Secretary of State Colin Powell says he intends to engage in a new round of telephone diplomacy with leaders in the Middle East in the face of rising Israeli-Palestinian violence.
The secretary's attention has been diverted from the Israeli-Palestinian conflict as he accompanied President Bush on his Asian trip. But on the flight home from China Friday, Mr. Powell told reporters said he would spend a "good part of the weekend" re-engaging with both sides.
Mr. Powell said the administration is concerned the escalation of violence this week, which saw some 25 Palestinians killed in Israeli military action in the West Bank and Gaza following an attack on an Israeli checkpoint Tuesday that killed six Israeli soldiers.
But Mr. Powell also said there were positive developments, including the Palestinian Authority's arrest of three militants wanted in the assassination of an Israeli cabinet member, and Friday's resumption of U.S. sponsored talks between senior Israeli and Palestinian security officials.
Meanwhile, the State Department's top Middle East expert, Assistant Secretary of State William Burns, was meeting here with an emissary of Saudi Arabia's de facto ruler Crown Prince Abdullah to discuss the Saudi leader's recent peace overture.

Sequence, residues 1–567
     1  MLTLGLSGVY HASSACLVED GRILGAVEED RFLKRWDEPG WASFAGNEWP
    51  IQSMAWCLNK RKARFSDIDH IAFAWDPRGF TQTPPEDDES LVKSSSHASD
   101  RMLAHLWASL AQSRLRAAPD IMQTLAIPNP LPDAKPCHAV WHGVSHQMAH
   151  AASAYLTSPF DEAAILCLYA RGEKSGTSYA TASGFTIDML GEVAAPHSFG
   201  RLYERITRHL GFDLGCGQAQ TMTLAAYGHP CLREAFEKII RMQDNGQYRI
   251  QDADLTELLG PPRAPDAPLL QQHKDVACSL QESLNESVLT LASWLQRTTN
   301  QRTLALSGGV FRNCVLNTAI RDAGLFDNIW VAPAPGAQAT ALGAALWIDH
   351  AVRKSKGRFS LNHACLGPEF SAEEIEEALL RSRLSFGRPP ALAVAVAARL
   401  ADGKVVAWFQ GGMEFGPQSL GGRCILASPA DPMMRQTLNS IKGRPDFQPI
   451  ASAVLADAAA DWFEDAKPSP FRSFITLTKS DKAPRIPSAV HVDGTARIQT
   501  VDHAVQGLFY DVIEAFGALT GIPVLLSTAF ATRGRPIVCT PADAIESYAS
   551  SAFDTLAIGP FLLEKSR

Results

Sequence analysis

Crown Prince Abdullah told The New York Times last week the Arab world should be prepared to normalize relations with Israel if it gave up all Arab land occupied in the 1967 war. He said he had intended to present the initiative to the Arab summit next month in Beirut, but decided to shelve the idea because of recent harsh steps by Israel in the Palestinian areas.
However the Saudi leader has not repudiated his original remarks, which were welcomed here by State Department spokesman Richard Boucher. "What we've seen, and what we've said has been to welcome the comments that we've seen from Saudi Arabia underscoring their willingness to reach out to Israel to talk about peace, to talk about normalization of relations," he said. "We think these are significant and positive steps that have been endorsed now publicly by other governments in the region including Egypt. They do highlight the importance of not giving up the goal of a just and lasting peace, and the need to do all we can to end the Israeli-Palestinian conflict."
Mr. Boucher refrained from endorsing the specifics of the Saudi plan, saying the Bush administration continues to support last year's proposals of the Mitchell committee and the cease-fire plan of CIA Director George Tenet as the roadmap back to peace talks.
He said ending the violence remains a precondition for a renewal of full-scale U.S. efforts including the negotiating mission of special envoy Anthony Zinni, and said the main burden for this continues to be on Palestinian leader Yasser Arafat.